(Z To A is an ongoing series: cumulative reviews of my DVD collection in reverse alphabetical order.)
Plot Synopsis: Recording star Björk is “miraculous” as Selma, a factory working in rural America and single mother who is losing her eyesight from a hereditary disease. Determined to protect her 12-year-old son from the same fate, Selma is saving her money to get him an operation. In the evenings, Selma escapes into a world where “nothing dreadful ever happens,” rehearsing for a production of The Sound Of Music with her best friend, Kathy (Catherine Deneuve). But when a neighbor (David Morse) betrays her trust, Selma’s life spirals out of control. The lines between reality and fantasy blur, and Selma begins to believe that her life has actually become a Hollywood musical- as she inexorably heads toward the film’s unforgettable finale.
– From DVD Production Notes
I didn’t cry until the third time I saw Dancer In The Dark. I’m not sure why, although it made me feel a lot of things. It’s a beautiful, diamond-cut sucker punch of a film that people rarely watch more than once. Over the years I’ve encountered admirers- mostly men- who confess they “don’t cry at movies,” but this was the only exception.
It’s easy to understand why. Dancer In The Dark is one of the most infuriating, sad and emotional films to kick off 21st century cinema. It’s a heartbreaking rendering of a character’s inner life as everything falls apart. It’s also the film that solidified Lars von Trier’s penchant for injustice and suffering. Two of my friends couldn’t finish watching it, (correctly) sensing Selma’s free fall into agony.
Upon revisiting the film I realize there is more than what made it notorious. When you strip the emotion and audience reaction away, Dancer is a love story. It’s not only a testimony of stubborn maternal love but love in many forms, all of them running through Selma. Selma and Kathy. Jeff and Selma. Selma and Samuel. Brenda and Selma. Even Selma and Bill have a tenderness between them, which Bill exploits while Selma remains true to her word.
But above all there is Selma’s love for her son, Gene (Vladica Kostic), which she holds so tightly and close to herself until the end. We never see it reciprocated, but in the final scene it undoubtedly connects them.
This isn’t the kind of thing von Trier is known for. The positive aspects or moments of levity in his work are often overlooked. Dancer is no exception. It has been written off as “torture porn,” a “horror film,” and most specifically “one of the worst films, one of the worst artworks and perhaps one of the worst things in the history of the world.” Are these descriptions true? To some- yes- but in the end they are subjective, a part of the film’s divisiveness.
This makes it all the more interesting to revisit years later, long after the dust has settled. In spite of its bleakness the film continuously pulses with love and joy- the best Selma can draw from within herself. This is what makes the story universal. The extreme highs of imagination exist in all of us- how we perceive ourselves and cope with our day-to-day existence. Dancer captures this self-affirmation and soothing in a transcendent way. Selma is a lover of cinema and musicals, and with so little to keep her happy she vanishes into her own, taking us with her.
In this case mentally escaping becomes Selma’s downfall then her last bastion of strength- not only as a coping mechanism but a survival tactic. The more despair closes in on her the more it becomes a reflex, and to a certain extent it’s the only happiness she has.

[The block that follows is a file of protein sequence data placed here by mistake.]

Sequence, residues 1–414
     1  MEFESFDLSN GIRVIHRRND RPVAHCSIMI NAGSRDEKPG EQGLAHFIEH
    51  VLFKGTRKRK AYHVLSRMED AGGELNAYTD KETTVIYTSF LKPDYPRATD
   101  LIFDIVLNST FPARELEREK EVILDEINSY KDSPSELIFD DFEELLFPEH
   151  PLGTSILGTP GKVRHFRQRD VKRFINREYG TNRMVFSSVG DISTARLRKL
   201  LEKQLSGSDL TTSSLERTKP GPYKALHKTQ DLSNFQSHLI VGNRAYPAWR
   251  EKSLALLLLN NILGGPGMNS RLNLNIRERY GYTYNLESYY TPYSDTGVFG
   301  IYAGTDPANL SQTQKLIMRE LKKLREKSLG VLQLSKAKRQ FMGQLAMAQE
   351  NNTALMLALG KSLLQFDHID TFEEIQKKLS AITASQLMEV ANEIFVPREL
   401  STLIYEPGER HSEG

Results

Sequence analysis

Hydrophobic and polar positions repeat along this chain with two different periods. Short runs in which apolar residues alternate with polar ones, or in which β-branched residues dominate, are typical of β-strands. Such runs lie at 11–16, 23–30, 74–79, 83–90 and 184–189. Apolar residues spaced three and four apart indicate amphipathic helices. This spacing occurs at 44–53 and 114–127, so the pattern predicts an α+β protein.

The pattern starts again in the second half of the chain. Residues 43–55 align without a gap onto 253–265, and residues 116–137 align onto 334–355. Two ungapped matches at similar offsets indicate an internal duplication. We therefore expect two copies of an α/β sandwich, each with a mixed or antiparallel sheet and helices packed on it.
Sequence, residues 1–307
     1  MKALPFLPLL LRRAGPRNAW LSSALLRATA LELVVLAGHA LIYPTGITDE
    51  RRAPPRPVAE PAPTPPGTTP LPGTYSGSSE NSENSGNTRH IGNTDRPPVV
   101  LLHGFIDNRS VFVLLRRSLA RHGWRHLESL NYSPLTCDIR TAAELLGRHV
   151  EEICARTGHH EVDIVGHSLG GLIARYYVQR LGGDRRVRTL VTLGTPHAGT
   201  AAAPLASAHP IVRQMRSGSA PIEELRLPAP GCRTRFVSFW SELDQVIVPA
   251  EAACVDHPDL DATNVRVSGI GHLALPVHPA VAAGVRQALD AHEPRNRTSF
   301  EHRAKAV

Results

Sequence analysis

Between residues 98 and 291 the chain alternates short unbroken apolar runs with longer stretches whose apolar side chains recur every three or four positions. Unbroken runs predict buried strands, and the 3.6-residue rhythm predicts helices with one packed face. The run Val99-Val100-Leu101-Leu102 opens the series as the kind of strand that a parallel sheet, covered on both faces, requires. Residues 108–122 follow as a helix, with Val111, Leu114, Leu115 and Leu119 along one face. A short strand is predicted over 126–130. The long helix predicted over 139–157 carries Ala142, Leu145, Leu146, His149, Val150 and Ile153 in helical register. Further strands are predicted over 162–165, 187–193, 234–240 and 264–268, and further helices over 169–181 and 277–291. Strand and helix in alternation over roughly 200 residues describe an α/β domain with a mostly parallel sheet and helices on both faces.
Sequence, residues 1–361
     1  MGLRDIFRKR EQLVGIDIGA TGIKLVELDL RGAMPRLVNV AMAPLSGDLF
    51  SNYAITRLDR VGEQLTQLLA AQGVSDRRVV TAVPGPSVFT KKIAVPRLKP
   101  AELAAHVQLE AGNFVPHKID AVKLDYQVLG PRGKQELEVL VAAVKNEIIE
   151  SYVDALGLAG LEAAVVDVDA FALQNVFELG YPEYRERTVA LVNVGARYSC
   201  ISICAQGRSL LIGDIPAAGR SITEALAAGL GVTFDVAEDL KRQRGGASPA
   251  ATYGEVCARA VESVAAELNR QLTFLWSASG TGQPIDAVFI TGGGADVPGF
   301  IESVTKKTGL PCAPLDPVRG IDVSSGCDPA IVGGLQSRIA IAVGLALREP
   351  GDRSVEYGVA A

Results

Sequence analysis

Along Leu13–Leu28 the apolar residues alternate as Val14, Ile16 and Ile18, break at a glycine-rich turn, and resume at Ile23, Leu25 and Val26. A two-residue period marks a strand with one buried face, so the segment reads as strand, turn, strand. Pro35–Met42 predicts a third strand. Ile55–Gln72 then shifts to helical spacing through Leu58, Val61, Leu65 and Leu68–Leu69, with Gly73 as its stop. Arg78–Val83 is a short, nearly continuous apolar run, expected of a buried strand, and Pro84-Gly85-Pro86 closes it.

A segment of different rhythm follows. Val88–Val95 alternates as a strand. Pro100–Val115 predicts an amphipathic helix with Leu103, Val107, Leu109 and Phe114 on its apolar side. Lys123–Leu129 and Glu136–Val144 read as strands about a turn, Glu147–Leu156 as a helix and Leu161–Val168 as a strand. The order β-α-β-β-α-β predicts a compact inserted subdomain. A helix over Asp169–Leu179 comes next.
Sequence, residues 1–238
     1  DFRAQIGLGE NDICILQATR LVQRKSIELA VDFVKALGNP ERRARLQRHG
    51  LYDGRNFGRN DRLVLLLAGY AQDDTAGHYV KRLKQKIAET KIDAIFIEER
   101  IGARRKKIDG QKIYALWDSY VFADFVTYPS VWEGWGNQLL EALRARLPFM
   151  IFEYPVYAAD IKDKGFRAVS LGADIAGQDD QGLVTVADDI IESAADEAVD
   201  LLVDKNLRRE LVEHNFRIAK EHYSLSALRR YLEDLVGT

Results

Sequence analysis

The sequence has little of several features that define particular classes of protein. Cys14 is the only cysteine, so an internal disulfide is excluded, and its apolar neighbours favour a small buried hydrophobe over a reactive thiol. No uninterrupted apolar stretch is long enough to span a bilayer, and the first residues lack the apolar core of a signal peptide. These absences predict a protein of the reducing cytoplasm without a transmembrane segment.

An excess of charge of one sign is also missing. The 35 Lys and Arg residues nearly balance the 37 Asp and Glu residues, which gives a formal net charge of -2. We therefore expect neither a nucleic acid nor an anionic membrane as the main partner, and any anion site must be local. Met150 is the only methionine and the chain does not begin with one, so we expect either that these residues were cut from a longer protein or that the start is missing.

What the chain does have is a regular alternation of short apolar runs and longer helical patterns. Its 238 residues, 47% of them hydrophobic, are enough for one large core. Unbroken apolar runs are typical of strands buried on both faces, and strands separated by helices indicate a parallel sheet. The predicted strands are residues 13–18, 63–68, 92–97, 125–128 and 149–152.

Her circumstances become increasingly dire. She loses her job. She is arrested for a murder she was forced to commit. She is a foreigner and suspected communist. She is of limited intelligence and child-like in her convictions. She is also obstinate in her purpose. Her son comes first, and she is driven to a point where she can’t break her self-made promise to him.
For most viewers each development is a shock. Why doesn’t Selma fight harder? Why won’t she allow Gene to see her in prison? Why won’t she give a full explanation of why she murdered Bill? When Kathy uses Selma’s savings to bring in a new lawyer, she angrily exclaims there’s no point in “spending that kind of money on a blind woman who’s going to spend the rest of her life in jail.” Aside from that her reasons are never fully explained, but through knowing Selma their absence become less of a mystery and more of an affirmation. She accepts it’s over before the audience does. It doesn’t matter what she does or says.
This keeps with a theme von Trier has been building on for years. Dancer was the final film in his “Gold Heart” trilogy, an examination of “good” trying to thrive in an unjust and hypocritical world. While many viewers and critics argue Dancer is misogynistic, I think that’s too simplistic. Selma is a character who has more resilience and conviction than most of us could muster in her situation. She loses everything and knows she will die, but that doesn’t matter to her as much as saving her son. Once she realizes she has her suffering is over, and the send-off von Trier gives her character is simply unforgettable.
Personally I find it difficult to put my feelings and opinions about Dancer into words (in short: writing this has been no easy task). Like other von Trier works, I find the experience beyond language. I still remember the feeling I had as the camera began to rise in the film’s final shot, going through the roof like one of Selma’s favorite musicals. I was dumbfounded with how fitting it was, then overtaken by triumphant music that followed: Selma in the afterlife.
Well played, von Trier. Well played.